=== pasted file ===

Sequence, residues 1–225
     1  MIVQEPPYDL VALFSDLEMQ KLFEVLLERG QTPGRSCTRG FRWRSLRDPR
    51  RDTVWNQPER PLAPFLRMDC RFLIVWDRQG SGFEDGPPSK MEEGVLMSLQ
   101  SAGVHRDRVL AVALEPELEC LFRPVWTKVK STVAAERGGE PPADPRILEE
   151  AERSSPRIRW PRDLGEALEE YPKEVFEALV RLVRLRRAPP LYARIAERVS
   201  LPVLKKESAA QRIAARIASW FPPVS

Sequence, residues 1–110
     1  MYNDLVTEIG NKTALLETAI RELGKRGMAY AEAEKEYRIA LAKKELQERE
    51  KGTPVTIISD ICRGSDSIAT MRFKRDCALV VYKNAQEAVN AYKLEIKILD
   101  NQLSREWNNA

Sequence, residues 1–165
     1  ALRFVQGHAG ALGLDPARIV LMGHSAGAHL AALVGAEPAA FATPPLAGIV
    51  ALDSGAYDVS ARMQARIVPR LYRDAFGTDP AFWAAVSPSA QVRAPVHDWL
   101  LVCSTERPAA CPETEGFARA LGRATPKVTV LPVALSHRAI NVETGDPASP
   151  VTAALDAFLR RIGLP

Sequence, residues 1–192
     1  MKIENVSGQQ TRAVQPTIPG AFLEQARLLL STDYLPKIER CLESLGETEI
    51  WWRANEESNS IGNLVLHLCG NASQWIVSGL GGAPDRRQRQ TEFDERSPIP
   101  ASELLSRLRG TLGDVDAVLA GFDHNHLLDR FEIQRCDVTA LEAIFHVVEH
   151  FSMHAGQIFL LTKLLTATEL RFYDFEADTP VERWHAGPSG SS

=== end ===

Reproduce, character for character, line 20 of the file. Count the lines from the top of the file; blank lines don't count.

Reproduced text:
   151  FSMHAGQIFL LTKLLTATEL RFYDFEADTP VERWHAGPSG SS